RESIDENCY TRAINING IN AEROSPACE MEDICINE
There are currently five accredited U.S. residency programs for aerospace medicine. The military programs include the Air Force program at Wright-Patterson AFB, OH, and the combined Army/Navy program in Pensacola, FL. The civilian programs are at Wright State University in Dayton, OH, the University of Texas-Medical Branch in Galveston, TX, and the Mayo Clinic in Rochester, MN. They all require completion of a MD or DO program and an internship year involving direct patient care for enrollment. Beyond this year, the programs diverge to prepare their residents for the challenges of aerospace medical support within their respective branches of military service or within civilian aerospace institutions. There are also a number of training programs in other countries in civil and military institutions.
Recent changes by the American Board of Preventive Medicine have resulted in some program changes. For instance, clinical experience requirements have been increased for aerospace medicine program and the requirement for a separate “academic year” to complete a master’s level degree has been dropped. The military programs plan to continue with a year of training focused on obtaining a Master’s degree in Public Health or its equivalent. The civilian programs vary in their approach, integrating the required academic training within unique curricular designs.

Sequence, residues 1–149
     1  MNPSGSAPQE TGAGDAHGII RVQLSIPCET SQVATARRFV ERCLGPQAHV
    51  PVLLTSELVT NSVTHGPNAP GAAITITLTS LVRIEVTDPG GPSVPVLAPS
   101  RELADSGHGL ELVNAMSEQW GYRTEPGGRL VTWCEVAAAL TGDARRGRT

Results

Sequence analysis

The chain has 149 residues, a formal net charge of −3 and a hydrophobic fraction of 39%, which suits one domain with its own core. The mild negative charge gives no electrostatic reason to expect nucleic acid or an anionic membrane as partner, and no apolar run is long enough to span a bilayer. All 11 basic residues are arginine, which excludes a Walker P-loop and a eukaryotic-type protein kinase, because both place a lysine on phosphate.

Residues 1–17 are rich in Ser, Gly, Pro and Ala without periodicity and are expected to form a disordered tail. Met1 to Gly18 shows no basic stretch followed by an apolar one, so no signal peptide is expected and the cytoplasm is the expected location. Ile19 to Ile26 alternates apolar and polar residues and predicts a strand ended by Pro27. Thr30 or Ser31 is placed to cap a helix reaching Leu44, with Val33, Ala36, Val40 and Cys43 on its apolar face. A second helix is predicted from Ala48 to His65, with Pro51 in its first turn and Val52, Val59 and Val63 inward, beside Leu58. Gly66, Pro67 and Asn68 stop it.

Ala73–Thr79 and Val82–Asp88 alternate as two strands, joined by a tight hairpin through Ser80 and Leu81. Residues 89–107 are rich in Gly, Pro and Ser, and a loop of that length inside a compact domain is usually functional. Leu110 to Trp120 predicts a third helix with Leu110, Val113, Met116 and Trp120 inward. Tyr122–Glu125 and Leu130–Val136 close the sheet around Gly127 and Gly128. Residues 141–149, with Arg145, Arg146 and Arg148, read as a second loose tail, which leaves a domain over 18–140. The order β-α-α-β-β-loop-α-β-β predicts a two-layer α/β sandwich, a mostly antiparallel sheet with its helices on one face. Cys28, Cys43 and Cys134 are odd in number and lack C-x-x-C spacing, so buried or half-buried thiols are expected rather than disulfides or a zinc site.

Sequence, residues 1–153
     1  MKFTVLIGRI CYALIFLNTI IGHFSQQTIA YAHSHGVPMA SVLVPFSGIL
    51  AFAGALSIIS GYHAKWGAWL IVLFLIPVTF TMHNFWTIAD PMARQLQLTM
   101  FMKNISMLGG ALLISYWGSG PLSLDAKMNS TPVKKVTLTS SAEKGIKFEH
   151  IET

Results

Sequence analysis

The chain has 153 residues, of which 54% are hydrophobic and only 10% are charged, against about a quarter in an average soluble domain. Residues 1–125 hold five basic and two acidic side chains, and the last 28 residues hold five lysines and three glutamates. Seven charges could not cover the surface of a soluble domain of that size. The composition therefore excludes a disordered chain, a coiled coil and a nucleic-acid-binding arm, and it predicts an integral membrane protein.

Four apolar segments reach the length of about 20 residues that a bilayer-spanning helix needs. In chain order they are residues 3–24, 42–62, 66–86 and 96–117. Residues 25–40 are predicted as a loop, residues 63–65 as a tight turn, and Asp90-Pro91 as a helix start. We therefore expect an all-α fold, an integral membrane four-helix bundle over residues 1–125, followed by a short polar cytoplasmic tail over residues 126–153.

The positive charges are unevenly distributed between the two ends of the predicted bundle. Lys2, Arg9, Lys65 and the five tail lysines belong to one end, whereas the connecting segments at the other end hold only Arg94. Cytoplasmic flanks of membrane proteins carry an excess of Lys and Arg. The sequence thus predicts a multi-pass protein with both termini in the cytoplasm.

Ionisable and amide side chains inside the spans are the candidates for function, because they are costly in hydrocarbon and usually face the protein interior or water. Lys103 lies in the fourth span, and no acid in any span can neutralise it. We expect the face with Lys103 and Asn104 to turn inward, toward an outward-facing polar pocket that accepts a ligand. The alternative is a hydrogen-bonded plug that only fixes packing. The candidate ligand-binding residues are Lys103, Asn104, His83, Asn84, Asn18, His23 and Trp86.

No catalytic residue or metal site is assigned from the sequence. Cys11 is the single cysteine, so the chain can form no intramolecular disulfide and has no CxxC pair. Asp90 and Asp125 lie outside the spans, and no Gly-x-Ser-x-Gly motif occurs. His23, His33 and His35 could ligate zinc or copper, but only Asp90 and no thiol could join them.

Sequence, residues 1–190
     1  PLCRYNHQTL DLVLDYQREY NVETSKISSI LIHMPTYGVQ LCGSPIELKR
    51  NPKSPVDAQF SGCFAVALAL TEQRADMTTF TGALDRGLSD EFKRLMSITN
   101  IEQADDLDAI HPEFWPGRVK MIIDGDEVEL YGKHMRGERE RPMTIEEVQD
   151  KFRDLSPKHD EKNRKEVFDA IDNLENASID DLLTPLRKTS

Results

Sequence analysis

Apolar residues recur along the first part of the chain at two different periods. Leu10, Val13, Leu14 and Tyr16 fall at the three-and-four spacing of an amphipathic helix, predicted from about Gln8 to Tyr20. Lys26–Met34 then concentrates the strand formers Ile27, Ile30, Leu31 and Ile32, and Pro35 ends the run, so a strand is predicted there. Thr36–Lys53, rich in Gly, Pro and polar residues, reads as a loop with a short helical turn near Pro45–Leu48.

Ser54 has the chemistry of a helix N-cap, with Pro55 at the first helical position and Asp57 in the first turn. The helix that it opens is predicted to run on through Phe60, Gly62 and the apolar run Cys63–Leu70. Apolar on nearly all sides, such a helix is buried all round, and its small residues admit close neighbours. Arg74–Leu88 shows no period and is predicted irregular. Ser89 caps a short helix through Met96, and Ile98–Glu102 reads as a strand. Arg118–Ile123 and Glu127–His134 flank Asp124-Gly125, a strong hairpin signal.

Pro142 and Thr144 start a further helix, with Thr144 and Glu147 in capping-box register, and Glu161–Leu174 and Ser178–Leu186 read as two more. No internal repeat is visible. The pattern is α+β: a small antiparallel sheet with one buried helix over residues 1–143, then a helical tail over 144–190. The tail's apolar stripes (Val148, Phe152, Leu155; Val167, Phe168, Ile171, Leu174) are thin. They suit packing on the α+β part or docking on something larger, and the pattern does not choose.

The US military programs formerly consisted of 1 academic year and 1 practicum year after PGY-1. The Air Force program will continue to offer a separate academic year obtaining an MPH (or equivalent Master’s degree) followed by a two-year practicum with the requisite clinical time in each of the two years. The first year is dedicated to the fulfillment of requirements for a Master’s degree in public health at an accredited school of public health.
Civilian residents at the Wright State University program complete a Master’s program in aerospace studies with a Master’s research project requirement. Training within the military programs is geared to prepare residents for the care of flight squadrons and their families, as well as crew at sea or remote locations. Thus, it can include a variety of generalist clinical activities to prepare them for the breadth of medical problems associated with the flying environment. The clinical experience for the Wright State and UTMB civilian aerospace residents largely involves the rotations geared to support commercial airline medical departments, related government agencies, and especially NASA centers.